Coming up with a good game idea is not the hard part for many people putting together their first game on a budget. The real challenge can often be found in the creation of the content for your game.
Creating environments, characters and props can be a very time consuming and technical challenging and is often a major reason why many games never see the light of day. I have compiled list of over 50 free assets from Unity’s incredible Asset Store that will help you worry less about content and allow you to focus more attention on actually building your game. The list includes characters, environments, props, vehicles, vegetation, textures, music, full Unity game projects and animations. I also included a link for those of you out there looking to contribute content to the Asset Store for free or for profit!
Hope you enjoy!
Download my Unity Asset Store Guide today!
*** Updated Asset Store Guide – Now with 100 Free Assets***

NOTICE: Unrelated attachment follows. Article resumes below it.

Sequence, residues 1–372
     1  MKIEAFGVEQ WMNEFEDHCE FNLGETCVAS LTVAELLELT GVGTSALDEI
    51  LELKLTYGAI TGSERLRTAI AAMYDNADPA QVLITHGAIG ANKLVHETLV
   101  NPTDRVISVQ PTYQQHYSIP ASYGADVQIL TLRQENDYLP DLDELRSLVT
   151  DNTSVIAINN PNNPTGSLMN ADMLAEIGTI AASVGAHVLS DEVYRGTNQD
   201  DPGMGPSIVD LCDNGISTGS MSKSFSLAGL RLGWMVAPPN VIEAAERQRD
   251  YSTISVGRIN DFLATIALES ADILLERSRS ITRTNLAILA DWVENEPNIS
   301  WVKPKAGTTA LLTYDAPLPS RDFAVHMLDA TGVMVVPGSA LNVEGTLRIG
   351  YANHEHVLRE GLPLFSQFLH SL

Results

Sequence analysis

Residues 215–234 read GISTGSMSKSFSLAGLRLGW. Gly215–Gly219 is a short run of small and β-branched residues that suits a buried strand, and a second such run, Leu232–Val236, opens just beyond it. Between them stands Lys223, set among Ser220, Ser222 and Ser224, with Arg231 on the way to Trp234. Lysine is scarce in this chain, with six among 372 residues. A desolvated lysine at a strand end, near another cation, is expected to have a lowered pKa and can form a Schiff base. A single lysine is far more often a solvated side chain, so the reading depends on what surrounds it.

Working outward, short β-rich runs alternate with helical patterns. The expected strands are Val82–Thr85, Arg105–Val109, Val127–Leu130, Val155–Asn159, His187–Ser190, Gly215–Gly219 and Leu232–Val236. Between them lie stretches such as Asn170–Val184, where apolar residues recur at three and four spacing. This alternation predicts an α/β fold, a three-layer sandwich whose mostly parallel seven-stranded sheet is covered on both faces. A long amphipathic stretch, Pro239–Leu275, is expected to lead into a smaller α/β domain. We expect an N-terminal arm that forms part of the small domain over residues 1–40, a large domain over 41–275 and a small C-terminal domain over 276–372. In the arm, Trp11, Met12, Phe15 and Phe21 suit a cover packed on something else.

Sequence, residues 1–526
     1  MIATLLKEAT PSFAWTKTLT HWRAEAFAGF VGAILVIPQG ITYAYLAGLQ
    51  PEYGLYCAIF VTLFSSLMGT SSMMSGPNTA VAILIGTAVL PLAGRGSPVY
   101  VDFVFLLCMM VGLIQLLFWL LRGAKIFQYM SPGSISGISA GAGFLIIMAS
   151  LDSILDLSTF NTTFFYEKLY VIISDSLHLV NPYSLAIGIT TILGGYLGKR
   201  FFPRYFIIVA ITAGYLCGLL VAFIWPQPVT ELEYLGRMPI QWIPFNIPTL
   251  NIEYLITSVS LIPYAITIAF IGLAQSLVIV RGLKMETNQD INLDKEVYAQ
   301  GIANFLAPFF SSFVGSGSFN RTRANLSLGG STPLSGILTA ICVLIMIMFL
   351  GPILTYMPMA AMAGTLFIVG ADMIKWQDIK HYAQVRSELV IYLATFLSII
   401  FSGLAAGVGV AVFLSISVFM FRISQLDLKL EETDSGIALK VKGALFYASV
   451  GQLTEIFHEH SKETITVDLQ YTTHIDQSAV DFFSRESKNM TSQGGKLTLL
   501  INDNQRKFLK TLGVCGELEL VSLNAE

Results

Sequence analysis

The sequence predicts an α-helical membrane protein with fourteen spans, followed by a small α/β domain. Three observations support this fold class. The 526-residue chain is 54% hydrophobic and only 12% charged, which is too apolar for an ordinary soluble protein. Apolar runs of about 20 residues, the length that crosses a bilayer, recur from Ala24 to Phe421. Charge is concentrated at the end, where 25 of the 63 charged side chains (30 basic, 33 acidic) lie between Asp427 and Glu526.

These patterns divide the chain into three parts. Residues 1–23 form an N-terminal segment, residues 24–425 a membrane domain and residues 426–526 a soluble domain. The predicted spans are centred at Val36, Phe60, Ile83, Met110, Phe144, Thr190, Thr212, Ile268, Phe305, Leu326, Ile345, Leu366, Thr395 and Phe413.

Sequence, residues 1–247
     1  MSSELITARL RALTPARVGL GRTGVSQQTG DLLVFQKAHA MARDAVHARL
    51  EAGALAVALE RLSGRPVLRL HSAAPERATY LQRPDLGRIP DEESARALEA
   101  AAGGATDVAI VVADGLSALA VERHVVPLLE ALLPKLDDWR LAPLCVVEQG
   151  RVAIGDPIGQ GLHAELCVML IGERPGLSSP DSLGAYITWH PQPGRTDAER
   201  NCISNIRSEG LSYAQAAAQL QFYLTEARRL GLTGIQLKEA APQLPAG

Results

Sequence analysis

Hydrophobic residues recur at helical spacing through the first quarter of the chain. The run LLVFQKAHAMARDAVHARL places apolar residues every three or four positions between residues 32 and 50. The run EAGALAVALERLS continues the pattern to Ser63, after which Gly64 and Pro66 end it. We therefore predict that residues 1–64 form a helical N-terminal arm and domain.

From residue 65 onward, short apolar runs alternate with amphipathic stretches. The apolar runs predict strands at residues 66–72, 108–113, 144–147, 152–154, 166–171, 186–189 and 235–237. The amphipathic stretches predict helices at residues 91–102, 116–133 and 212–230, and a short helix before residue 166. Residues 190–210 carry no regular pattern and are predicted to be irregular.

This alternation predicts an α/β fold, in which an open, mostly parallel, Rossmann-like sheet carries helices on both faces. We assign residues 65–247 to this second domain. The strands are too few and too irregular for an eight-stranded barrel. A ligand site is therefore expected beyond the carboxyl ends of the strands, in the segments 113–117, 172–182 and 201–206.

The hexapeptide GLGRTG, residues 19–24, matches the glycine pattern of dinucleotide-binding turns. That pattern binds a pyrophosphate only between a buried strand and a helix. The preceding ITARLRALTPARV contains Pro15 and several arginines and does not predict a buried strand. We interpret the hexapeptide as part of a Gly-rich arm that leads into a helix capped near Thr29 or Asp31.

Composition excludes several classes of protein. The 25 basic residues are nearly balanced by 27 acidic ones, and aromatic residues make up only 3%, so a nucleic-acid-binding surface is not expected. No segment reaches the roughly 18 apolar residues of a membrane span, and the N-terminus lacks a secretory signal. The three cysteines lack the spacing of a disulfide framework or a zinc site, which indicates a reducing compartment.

I now have a new updated Asset Guide that has over 100 Free Assets. You can get it here.
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Here is my new Unity Training promo video for my Udemy course Anyone Can Learn to Make a Game. I’ve been a programmer and teacher most of my life, so video is still a relatively new addition. Let me know what you think!
Check out my Unity Training video on Youtube.
Unity 4 has dropped. Here are 7 reasons to consider using Unity 4 on your next game.
1. Unity 4 is Free, well at least if you plan to publish to Mac, Linux, PC or the Web. If you plan on going to places like Android, iOS or other platforms, you’ll need to come up with a bit of cash, but trust me, it’s worth every penny!